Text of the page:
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The truth about Walmart wages


Walmart has been on something of a charm offensive where the public is concerned (and anintimidation offensive where its workers are concerned), hoping to blunt the impact of the Black Friday rebellion. Walmart’s big claim is that its wages are really quite good, if you happen to be a full-time worker there, anyway. The reality?

A 2005 study from New York University found that Walmart employees earn 28 percent less, on average, than workers employed by other large retailers. At the same time, Walmart’s sheer size and competitive influence exert a downward pressure on wages at other retailers. A study from the University of California Berkeley finds that Walmart store openings in communities lead to the replacement of better paying jobs with jobs that pay less. As a result of this dynamic, average wages for retail workers were 10 percent lower, and their job-based health coverage rate was 5 percentage points less in an area than it would be if Walmart did not exist. The study concludes that in 2000,retail employees nationwide would have taken home $4.5 billion more in their total paycheck if Walmart had not been around.

So Walmart isn’t just lousy for its own workers, it makes it worse for all retail workers. That’s one reason it’s significant that when Walmart is trying to brag about its wages, the claim is that the average pay for a full-time worker is $12.40 an hour. That’s just under $26,000 for a year of full-time work, which is below the median wage for an individual. And Walmart is trying to define that in the popular imagination as a good wage.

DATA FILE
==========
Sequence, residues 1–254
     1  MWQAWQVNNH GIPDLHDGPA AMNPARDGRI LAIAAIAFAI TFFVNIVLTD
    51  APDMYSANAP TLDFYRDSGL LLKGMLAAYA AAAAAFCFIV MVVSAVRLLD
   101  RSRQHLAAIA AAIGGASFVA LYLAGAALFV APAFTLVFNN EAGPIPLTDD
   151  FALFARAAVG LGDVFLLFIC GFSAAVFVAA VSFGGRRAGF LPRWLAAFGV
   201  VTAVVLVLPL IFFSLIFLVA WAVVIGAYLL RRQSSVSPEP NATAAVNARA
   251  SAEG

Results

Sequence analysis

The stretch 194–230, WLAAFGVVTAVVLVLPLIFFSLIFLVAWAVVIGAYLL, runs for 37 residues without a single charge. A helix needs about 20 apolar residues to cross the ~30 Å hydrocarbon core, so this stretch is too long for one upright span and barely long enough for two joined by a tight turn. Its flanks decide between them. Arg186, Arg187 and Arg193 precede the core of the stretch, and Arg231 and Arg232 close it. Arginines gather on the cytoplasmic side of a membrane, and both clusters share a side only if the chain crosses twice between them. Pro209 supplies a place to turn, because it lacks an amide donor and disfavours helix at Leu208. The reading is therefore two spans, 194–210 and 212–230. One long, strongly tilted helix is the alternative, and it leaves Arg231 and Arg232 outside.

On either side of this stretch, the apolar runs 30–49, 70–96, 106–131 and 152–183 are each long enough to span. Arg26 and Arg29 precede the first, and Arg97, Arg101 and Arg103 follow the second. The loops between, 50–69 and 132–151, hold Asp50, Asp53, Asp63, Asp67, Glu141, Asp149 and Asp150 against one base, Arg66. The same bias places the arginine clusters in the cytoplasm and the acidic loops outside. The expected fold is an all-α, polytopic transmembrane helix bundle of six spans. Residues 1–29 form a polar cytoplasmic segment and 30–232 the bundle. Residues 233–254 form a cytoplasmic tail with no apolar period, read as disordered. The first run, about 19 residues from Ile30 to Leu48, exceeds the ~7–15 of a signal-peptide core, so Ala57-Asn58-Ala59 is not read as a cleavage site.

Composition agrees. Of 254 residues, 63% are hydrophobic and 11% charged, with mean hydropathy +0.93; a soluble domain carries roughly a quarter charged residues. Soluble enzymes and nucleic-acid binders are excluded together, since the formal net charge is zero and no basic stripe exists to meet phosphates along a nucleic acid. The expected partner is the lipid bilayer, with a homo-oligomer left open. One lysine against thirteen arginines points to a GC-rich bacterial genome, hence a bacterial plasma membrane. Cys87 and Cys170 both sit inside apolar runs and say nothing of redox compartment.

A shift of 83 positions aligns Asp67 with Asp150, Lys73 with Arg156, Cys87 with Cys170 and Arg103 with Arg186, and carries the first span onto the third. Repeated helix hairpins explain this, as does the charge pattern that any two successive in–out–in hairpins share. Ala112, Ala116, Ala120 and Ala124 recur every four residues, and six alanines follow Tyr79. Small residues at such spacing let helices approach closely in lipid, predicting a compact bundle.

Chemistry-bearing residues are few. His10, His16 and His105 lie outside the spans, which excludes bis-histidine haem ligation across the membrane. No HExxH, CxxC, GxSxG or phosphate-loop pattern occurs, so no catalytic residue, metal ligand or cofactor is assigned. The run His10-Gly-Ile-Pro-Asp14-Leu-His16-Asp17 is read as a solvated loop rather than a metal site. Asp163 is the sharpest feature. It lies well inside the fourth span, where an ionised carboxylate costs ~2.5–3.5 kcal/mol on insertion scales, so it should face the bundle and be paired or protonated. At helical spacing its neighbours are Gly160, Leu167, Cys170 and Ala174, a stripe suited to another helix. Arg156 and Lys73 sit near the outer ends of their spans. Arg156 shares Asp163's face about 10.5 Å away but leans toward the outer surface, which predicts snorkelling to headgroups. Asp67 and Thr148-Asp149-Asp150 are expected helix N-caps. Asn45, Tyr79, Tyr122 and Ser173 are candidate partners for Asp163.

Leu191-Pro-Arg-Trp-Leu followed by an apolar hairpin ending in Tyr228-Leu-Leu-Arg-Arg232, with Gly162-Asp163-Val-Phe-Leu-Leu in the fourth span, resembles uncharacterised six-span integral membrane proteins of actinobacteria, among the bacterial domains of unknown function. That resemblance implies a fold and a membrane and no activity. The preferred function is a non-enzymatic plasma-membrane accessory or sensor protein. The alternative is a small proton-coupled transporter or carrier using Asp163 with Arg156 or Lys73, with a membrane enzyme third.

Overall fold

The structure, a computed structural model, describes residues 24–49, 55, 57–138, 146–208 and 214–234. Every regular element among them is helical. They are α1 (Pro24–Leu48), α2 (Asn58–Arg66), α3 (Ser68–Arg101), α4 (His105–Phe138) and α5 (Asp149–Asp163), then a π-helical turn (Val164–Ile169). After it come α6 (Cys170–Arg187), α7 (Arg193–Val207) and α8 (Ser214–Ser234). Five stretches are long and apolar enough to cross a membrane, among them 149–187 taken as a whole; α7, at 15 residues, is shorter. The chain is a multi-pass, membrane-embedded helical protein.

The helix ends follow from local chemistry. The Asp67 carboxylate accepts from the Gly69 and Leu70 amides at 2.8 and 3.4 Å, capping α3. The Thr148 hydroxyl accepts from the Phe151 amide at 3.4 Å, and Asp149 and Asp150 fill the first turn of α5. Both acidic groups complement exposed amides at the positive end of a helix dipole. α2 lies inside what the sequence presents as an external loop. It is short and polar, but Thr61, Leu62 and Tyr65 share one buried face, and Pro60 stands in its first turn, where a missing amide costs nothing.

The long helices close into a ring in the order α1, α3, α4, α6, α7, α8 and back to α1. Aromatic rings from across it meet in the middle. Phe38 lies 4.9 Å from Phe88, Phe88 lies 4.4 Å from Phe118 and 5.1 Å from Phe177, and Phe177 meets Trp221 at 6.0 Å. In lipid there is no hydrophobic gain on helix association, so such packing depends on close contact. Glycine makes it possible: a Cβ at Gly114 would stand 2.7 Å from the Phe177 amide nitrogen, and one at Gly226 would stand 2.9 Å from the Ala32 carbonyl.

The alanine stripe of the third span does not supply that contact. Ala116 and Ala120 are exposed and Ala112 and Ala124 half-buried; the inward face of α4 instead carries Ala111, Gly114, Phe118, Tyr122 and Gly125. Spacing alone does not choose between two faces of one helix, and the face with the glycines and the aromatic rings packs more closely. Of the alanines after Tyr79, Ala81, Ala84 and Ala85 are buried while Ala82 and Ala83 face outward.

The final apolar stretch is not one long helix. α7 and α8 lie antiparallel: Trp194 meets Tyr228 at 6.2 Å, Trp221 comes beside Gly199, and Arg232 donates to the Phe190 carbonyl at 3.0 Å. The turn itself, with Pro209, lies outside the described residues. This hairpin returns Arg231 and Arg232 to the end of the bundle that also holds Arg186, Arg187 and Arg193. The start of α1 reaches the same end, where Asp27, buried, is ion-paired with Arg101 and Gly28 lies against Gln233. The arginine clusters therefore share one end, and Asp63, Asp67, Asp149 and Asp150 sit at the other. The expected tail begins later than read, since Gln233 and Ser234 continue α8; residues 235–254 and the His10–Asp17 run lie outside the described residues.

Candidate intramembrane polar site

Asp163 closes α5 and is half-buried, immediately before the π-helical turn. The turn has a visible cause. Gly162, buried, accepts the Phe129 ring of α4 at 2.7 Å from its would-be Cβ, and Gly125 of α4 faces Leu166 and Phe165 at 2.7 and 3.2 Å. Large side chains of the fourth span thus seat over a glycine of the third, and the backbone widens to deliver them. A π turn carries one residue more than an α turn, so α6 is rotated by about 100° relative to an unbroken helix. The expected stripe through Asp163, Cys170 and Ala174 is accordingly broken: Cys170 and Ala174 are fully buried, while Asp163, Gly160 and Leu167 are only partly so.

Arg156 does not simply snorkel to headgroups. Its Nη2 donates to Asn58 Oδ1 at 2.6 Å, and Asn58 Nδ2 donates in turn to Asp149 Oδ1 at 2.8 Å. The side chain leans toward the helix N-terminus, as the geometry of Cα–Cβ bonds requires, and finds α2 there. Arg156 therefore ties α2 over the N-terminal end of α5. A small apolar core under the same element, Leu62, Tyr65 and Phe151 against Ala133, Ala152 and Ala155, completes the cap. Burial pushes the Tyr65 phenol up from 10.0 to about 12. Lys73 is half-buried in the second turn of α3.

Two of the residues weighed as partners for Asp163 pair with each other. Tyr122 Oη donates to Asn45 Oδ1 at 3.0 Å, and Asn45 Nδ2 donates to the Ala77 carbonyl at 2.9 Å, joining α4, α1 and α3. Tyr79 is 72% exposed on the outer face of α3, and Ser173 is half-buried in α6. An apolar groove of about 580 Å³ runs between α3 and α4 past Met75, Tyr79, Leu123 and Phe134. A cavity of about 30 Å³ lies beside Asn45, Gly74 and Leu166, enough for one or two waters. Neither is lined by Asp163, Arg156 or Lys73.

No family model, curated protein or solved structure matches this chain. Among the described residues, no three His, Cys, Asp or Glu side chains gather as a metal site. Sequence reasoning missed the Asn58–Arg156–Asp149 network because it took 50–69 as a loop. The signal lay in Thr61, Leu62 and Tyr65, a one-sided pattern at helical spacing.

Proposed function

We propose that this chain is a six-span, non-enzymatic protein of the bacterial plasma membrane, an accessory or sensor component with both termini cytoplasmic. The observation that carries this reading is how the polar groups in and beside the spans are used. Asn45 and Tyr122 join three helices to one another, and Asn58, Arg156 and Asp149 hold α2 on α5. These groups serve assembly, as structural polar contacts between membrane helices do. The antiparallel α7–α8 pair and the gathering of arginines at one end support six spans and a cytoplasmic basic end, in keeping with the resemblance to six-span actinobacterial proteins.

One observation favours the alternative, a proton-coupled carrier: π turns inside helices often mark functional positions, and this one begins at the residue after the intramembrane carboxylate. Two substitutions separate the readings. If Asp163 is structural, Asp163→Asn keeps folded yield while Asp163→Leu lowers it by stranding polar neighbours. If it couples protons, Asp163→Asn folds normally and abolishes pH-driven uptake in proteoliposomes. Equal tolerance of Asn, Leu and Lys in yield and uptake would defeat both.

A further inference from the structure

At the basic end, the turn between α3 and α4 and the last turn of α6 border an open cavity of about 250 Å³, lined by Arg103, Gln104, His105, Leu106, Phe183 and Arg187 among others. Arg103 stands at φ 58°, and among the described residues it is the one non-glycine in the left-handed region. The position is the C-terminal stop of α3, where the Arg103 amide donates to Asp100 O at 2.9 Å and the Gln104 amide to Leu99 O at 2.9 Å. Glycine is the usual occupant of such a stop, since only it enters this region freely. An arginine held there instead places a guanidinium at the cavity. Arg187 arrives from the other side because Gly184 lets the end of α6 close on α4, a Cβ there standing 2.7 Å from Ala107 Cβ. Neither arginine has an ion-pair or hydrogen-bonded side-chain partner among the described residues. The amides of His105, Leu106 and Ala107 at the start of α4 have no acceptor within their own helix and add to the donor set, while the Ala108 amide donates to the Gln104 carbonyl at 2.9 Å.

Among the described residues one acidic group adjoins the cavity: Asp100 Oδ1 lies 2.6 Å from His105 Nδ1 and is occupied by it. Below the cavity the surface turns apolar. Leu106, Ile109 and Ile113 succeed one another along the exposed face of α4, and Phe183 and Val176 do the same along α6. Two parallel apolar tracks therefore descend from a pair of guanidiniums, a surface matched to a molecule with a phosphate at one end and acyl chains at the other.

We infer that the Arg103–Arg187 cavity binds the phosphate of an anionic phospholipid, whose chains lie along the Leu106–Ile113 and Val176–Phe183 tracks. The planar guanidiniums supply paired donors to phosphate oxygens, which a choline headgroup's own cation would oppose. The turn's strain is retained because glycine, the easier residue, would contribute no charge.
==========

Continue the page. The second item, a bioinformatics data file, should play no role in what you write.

Part of the way Walmart makes less than $26,000 for a year of full-time work look good, of course, is to deny many of its workers full-time work. Oh, and it pays those workers who’d like to work full-time but don’t have that option even less per hour than the lucky, lucky full-time workers. And since they’re expected to be available whenever they’re called in to work, good luck managing to hold a second crappy part-time job.

Everything Walmart does around wages—from its low starting wages to its huge part-time workforce to its tightly restricted system of raises and promotions to its very claims to being a good employer—is about taking the next step in the race to the bottom, breaking down its workers and making them desperate, driving down the public’s understanding of what exactly a good job is. It’s time to fight back. Find a Black Friday event near you in the widget at the right.

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